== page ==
MADISON, Wis. – Student archers from 51 public, private and home schools competed virtually in the state’s National Archery in the Schools Program (NASP) tournament held March 11 -27, with competitors from Gilman, Sparta and Cadott taking top honors.
The Wisconsin Department of Natural Resources (DNR) sponsored the Wisconsin State NASP tournament and has helped host previous in-person state tournaments in the Wisconsin Dells before the pandemic.
Due to COVID-19 precautions, the 1,200 archers competed with teammates from their homes or nearby schools. The scores were then verified by an adult with no affiliation with the teams and then provided to tournament organizers.
The DNR provided instructions that follow NASP guidelines for the schools to compete and have their scores recorded in the state tournament. The department also supports the schools and the tournament when equipment is needed, such as targets, quivers and bow racks.
The 20-year-old archery school program seeks to provide students with a sport to enjoy the thrill of competing while learning valuable skills. These student-athletes learn to develop focus, patience, discipline and more personal tools necessary for success in school and life.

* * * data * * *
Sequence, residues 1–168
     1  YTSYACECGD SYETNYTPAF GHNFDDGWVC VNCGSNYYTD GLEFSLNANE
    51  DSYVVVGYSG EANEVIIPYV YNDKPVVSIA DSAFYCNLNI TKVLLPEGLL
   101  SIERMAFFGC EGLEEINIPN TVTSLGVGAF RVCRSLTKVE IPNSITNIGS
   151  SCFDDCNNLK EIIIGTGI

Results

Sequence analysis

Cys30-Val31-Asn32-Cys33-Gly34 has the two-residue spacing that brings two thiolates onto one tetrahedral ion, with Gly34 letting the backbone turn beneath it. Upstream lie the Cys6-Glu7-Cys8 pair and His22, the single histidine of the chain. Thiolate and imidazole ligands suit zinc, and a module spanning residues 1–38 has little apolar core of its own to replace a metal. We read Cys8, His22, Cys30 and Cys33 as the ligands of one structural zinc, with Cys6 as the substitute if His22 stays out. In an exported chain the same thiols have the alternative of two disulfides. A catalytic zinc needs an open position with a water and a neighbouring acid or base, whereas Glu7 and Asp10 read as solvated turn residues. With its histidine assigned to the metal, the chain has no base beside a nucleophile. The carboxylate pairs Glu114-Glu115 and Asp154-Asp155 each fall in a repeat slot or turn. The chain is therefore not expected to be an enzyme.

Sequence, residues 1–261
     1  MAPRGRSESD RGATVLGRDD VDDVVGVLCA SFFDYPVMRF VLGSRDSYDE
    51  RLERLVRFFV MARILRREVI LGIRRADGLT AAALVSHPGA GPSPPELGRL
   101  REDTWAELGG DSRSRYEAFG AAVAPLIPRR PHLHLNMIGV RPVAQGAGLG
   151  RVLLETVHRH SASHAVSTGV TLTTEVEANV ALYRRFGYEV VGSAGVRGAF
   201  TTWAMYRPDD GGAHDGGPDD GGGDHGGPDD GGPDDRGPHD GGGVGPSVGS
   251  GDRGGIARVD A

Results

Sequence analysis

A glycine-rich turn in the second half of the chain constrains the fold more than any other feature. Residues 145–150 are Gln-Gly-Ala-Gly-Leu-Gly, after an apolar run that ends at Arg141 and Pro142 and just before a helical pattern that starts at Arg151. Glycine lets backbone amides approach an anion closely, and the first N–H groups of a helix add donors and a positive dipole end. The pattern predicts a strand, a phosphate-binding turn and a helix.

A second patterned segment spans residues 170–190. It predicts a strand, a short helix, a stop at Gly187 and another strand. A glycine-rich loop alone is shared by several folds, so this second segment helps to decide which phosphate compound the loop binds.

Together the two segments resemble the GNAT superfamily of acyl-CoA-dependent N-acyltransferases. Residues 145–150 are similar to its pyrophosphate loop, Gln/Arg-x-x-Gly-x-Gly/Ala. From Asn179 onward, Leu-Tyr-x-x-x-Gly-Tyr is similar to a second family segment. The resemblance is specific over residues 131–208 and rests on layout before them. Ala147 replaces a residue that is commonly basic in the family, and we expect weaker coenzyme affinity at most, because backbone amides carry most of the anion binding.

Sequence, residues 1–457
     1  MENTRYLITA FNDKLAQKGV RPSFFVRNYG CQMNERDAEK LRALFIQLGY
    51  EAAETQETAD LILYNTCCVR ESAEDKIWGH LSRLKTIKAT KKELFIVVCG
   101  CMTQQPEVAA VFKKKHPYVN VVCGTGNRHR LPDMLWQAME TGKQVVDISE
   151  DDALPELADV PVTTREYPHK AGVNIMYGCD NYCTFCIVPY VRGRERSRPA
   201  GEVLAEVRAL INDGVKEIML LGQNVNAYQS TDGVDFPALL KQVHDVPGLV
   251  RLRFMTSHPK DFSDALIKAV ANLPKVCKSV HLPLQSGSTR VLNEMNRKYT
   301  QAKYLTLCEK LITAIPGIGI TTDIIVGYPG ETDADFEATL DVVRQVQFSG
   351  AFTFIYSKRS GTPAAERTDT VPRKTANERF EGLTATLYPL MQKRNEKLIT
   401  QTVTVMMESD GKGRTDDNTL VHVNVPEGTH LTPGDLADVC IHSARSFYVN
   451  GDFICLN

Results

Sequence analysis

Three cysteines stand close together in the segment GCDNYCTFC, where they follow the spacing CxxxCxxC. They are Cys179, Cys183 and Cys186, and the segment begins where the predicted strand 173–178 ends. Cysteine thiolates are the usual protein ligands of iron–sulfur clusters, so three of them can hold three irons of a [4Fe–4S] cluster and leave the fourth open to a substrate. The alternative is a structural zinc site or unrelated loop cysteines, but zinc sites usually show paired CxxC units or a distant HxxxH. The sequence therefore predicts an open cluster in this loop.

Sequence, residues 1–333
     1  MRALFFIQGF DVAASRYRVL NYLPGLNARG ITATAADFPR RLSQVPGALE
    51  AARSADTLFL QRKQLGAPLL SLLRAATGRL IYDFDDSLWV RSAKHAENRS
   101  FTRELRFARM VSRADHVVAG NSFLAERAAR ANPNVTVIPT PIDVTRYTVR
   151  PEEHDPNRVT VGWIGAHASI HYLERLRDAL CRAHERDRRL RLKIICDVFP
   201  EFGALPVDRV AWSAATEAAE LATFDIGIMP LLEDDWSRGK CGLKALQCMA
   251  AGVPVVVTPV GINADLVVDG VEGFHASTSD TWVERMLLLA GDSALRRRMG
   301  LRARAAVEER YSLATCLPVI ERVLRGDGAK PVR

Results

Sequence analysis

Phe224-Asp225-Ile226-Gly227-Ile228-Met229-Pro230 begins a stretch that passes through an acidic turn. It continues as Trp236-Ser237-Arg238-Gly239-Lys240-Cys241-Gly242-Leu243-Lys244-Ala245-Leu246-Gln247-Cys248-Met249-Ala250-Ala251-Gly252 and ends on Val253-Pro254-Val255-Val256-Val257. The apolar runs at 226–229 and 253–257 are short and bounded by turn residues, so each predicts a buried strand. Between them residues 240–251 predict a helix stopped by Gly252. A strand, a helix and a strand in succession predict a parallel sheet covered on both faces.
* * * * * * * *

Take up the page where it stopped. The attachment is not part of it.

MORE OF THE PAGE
Competitors in the tournament included grades four through 12.
- Tatum Weir, an 11th grader from Gilman, was the top female bullseye tournament scorer recording a score of 290 out of a 300 maximum.
- Casey Grunseth, an 11th grader from Gilman, was the top male bullseye tournament scorer recording a score of 296 out of a 300 maximum.
- St. Patrick’s School in Sparta recorded the highest bullseye team score for the elementary and middle school divisions.
- Cadott High School recorded the highest bullseye team score in the high school division.
Tournaments like this are made possible by many volunteers, teachers, coaches, parents and community and school supporters.
The NASP typically teaches archery during the school day as part of a physical education curriculum. Every student uses the identical equipment and is taught safety, proper form, shooting and scoring arrows.
Interested teachers can attend a one-day training session to receive Basic Archery Instructors certification. Archery equipment and a teaching curriculum are provided, and grants are available to help offset any initial startup costs for schools.
With the help of grants, schools can start with minimal investment.